Understanding Modular Homogenizer Systems
Modular homogenizers, also called emulsifiers, dispersers and mixers, find wide application in research and pilot production labs for food and chemical processing, cosmetic manufacturing, biotechnology and pharmaceutical production among others.
Think of a modular homogenizer as a sophisticated Waring blender that performs multiple functions on a much higher scale operating at controllable speeds that reach as high as 45,000 revolutions per minute. The speed you select depends on what you are processing, but because higher speeds process samples quicker it can help protect materials from heat damage. Applications for modular homogenizers in addition to those mentioned above include but are not limited to:
- Fast mixing
- Decreasing reaction time
- Disintegration of agglomerates – smoothing or refining
- Breaking down organic and macromolecular substances
CAT Scientific modular homogenizers used in research and product development work with samples as small as 0.1 milliliter to as large as 40 liters or more. Small units can be hand held but most are mounted on an adjustable stand to provide needed stability. They are called modular homogenizers because individual models – based on capacity and power – can be fitted to perform a variety of mixing functions. Here we’ll take a brief look at the components of a modular homogenizing system.
Homogenizer motors, also called drivers, are sized in accordance with users’ requirements in terms of speed and electrical power in terms of watts. (Air-powered homogenizer drivers are available for use in volatile environments.) The power needed relates to the materials being processed – i.e. highly viscous samples require higher power. Most motors are offered with variable speed control, which is also useful to minimize splashing on start-up. Digital speed displays are a useful feature to support record keeping and to assure like conditions are met in when processing subsequent batches. Optional separate power control modules are available for those models without variable speed controls.
Homogenizer generators consist of two parts and represent the business end of CAT Scientific modular homogenizer systems. They consist of a rotor attached to a generator shaft (or axle) and a stator the configuration of which complements the rotor design. Homogenizer generators do the actual processing. CAT Scientific personnel will help you select rotor and stator configurations among the wide variety available based on what you are processing.*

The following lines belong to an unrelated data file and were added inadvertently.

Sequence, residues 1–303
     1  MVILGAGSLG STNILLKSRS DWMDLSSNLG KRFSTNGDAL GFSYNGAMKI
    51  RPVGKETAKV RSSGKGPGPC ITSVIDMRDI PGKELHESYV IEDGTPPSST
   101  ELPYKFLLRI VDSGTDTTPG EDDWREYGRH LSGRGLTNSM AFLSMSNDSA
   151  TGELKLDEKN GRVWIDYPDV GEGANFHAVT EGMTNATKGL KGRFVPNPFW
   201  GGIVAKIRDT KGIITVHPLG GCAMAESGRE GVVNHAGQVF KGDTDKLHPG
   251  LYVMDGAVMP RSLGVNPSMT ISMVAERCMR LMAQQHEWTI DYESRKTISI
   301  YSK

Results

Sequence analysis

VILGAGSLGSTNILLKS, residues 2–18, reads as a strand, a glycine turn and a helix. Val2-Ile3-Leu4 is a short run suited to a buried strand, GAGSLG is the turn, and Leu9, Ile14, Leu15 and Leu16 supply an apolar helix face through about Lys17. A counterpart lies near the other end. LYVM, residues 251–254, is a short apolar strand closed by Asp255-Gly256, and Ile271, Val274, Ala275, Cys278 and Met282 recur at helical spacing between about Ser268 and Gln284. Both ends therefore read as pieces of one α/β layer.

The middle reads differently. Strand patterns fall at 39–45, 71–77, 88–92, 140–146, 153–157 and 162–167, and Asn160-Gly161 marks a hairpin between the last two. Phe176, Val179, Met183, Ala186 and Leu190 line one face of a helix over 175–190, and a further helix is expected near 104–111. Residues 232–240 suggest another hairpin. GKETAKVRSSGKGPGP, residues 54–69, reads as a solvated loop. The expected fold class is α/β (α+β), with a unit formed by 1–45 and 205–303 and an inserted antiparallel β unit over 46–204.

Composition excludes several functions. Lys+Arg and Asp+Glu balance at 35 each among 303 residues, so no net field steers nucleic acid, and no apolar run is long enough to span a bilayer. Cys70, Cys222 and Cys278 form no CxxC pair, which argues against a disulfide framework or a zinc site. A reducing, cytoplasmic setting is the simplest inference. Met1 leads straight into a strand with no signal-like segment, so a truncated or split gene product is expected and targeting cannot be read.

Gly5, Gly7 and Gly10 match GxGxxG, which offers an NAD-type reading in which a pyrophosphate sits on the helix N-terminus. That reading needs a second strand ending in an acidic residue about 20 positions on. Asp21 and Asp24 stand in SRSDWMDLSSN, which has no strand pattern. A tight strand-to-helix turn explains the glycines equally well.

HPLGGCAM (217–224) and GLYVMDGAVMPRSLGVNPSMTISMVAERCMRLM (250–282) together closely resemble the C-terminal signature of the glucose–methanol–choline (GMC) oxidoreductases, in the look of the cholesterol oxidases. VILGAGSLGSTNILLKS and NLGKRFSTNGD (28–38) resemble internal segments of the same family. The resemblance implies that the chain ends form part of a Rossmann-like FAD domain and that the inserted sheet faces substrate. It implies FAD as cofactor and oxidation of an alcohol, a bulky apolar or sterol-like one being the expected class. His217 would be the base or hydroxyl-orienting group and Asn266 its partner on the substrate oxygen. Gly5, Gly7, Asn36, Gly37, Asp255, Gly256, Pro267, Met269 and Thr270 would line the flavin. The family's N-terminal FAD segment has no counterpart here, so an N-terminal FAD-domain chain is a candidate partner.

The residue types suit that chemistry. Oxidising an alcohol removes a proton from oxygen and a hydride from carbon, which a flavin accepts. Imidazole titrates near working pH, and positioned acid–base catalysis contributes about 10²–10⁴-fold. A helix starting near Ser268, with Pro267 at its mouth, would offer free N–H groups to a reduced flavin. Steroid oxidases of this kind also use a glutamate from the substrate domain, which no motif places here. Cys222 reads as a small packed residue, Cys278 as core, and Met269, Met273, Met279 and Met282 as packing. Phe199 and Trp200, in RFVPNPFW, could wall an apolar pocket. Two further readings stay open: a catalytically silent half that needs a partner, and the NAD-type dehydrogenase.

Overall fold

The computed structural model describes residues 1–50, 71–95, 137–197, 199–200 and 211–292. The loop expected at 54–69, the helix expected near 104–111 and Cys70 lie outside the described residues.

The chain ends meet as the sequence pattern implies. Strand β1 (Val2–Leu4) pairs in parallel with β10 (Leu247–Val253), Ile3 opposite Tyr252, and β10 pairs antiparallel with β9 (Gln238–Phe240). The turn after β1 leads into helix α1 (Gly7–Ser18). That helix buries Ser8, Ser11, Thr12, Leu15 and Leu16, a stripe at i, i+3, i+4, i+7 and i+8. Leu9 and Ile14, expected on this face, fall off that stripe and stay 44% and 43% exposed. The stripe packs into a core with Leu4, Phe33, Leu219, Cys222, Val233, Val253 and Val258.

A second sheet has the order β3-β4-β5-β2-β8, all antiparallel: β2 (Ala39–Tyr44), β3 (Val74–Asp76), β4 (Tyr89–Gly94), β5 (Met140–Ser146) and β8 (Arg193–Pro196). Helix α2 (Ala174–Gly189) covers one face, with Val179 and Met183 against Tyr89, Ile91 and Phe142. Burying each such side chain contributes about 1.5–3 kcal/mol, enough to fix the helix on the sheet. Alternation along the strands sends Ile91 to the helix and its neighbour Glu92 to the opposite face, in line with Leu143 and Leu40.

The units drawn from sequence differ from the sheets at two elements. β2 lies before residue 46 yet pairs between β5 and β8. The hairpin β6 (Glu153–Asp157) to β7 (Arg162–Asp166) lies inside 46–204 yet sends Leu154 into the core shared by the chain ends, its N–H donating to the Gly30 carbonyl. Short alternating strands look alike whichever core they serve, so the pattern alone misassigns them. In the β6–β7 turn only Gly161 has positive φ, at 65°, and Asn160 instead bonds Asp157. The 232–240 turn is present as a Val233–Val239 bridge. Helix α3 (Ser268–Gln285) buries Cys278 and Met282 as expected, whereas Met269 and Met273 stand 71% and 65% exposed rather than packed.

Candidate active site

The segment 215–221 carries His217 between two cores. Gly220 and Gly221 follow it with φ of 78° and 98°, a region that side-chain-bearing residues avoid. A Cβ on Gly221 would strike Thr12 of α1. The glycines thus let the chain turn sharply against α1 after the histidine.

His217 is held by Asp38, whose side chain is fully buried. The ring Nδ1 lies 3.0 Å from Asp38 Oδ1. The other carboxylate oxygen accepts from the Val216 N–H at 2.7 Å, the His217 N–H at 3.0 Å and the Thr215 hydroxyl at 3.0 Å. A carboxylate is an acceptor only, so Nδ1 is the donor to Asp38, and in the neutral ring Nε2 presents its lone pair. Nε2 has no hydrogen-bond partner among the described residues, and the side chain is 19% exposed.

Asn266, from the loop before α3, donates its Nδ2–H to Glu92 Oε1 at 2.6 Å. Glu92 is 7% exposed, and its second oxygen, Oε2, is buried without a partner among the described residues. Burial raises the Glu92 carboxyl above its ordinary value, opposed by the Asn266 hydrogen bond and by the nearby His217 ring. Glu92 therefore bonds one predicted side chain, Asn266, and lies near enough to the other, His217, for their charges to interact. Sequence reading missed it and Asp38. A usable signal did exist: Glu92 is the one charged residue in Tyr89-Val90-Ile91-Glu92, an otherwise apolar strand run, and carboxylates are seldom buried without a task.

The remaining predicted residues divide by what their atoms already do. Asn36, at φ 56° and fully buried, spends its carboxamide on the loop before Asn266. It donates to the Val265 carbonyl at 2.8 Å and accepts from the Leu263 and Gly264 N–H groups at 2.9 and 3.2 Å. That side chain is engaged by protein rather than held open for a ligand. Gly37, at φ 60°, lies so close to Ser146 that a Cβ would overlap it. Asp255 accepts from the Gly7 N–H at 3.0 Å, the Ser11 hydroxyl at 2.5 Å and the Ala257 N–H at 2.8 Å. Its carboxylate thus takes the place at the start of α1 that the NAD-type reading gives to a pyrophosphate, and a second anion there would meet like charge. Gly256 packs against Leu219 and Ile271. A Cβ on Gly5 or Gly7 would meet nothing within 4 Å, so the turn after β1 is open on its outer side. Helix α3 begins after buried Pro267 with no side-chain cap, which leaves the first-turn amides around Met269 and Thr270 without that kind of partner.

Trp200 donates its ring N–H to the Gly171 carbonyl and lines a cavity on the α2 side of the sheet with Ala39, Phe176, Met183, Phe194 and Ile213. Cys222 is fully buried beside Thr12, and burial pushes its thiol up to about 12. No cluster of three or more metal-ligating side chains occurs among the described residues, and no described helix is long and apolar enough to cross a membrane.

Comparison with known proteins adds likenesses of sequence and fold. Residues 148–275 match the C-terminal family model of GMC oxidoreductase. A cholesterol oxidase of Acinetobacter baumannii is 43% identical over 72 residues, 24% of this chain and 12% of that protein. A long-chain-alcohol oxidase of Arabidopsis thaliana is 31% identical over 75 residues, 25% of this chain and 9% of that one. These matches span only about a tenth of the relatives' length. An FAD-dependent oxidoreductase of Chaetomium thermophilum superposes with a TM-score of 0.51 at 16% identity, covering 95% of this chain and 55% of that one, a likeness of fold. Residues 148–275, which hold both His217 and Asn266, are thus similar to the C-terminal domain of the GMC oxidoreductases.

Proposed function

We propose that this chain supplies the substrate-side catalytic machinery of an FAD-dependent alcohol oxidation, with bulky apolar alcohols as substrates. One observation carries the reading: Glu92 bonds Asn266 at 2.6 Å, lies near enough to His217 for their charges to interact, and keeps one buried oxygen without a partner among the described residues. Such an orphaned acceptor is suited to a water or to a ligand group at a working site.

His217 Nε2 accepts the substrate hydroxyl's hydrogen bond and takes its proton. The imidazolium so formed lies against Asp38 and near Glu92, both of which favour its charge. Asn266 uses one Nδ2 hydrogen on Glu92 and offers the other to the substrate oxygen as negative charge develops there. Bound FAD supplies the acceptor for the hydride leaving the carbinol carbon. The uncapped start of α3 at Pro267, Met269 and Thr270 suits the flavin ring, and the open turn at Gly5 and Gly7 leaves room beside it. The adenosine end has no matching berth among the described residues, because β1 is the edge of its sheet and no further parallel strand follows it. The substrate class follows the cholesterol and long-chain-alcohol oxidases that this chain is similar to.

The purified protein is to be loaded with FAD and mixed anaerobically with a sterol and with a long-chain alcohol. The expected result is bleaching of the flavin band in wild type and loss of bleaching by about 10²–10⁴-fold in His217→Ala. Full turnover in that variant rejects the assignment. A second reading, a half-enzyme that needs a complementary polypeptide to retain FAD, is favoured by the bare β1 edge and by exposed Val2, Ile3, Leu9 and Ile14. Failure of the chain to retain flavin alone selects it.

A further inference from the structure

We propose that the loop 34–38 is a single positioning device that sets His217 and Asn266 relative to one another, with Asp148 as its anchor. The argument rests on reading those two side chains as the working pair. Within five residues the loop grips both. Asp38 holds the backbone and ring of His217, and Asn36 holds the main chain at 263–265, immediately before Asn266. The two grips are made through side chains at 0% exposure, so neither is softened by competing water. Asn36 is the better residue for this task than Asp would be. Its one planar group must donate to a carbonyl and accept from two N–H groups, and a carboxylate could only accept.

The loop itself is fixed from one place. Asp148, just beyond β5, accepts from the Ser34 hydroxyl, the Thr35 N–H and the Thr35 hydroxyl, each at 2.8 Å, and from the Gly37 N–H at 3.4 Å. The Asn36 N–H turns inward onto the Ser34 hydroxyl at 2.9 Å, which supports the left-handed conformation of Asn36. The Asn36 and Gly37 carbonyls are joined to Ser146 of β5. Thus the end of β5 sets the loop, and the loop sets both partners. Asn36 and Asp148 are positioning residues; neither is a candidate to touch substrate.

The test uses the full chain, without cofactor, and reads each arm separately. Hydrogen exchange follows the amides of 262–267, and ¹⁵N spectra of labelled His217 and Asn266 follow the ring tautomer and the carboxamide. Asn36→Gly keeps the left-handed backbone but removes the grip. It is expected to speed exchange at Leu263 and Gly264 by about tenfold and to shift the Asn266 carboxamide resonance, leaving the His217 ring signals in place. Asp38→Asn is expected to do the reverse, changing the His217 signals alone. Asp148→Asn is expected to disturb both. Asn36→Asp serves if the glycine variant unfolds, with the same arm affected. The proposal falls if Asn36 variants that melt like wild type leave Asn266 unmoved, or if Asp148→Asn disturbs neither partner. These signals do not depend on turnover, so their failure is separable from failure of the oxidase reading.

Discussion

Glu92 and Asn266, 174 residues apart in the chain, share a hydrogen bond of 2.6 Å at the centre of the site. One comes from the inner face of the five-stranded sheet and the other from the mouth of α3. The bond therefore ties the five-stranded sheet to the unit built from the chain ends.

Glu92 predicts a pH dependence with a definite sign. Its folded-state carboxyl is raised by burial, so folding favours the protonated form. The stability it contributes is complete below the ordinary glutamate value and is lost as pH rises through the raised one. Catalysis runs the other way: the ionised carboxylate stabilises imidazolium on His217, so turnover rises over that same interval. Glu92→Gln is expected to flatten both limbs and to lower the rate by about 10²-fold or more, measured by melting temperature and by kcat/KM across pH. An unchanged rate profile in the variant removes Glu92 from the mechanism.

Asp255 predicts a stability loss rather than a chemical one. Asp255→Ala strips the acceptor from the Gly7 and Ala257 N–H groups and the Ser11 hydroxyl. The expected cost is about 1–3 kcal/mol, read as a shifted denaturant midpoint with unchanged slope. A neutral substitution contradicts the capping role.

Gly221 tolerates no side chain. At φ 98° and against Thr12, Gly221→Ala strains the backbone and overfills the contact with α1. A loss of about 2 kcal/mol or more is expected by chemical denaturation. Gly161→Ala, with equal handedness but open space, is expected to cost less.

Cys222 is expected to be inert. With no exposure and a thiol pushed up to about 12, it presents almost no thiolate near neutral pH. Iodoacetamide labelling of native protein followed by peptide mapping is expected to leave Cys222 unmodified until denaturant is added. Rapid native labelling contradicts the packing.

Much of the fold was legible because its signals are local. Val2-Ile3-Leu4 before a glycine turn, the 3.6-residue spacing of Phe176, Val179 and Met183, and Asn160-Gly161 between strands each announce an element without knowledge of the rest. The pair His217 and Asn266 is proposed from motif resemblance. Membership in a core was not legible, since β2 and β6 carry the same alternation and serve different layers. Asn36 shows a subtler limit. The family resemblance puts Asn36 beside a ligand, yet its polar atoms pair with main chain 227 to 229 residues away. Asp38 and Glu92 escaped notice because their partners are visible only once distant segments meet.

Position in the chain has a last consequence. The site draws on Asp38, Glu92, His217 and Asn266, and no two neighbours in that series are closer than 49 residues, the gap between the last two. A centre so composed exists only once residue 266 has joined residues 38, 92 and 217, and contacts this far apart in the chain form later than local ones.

The stator is attached to the end of a generator tube with ports allowing media being mixed to circulate and help cool the assembly. When the shaft and rotor are inserted into the generator tube the result is a shaft-generator assembly. These are available in different lengths depending on the use of the modular homogenizer. The generator tube is inserted into the homogenizer driver until a click is heard signaling that the shaft drive pin has seated. The assembly is fixed in position by a hand-tightened fastening screw.
Components included in the shaft-generator assembly are Teflon or ceramic seals, bearings, O-rings, gaskets and other subcomponents based on the specific homogenizer model selected. Special tools are required to attach and remove shaft-generator assembly components.
Further processing options are available by using flow through chambers. See our special CAT Scientific post on this equipment.
Adjustable stands or mounting systems for homogenizers are required to keep your dispersion equipment from oscillating and possibly damaging itself and product containers. They also maintain the generator off center in the container to avoid the formation of a vortex. Homogenizer drivers are designed to accept a support rod that is affixed to a crossover clamp that in turn is affixed to the vertical support rod and the product container stand.
Maintaining CAT Homogenizers
Shaft generator assemblies should be cleaned after every use and especially if you are changing the formulation of materials being processed. Basic cleaning information is available in user manuals but for more detailed information see our post on Cleaning Tips for CAT Scientific Homogenizers and Emulsifiers.
*Viscosities are broadly classified into fine, normal, coarse (or medium) and knife. Fine (CAT designation F) is for low to normal viscosity liquids requiring a high degree of homogenization. Normal (CAT designation N) is for aqueous viscosity such as water and cooking oils. Coarse (CAT designation V) is for medium viscosity liquids or coarse media. Specify a knife generator for stringy fibrous materials.